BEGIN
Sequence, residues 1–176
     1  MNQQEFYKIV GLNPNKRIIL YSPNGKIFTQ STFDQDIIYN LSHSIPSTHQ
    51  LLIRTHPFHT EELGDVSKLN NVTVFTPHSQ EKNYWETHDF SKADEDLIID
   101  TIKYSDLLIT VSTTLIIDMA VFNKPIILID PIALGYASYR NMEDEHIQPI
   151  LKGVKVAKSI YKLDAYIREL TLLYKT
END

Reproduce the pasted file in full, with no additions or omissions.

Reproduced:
Sequence, residues 1–176
     1  MNQQEFYKIV GLNPNKRIIL YSPNGKIFTQ STFDQDIIYN LSHSIPSTHQ
    51  LLIRTHPFHT EELGDVSKLN NVTVFTPHSQ EKNYWETHDF SKADEDLIID
   101  TIKYSDLLIT VSTTLIIDMA VFNKPIILID PIALGYASYR NMEDEHIQPI
   151  LKGVKVAKSI YKLDAYIREL TLLYKT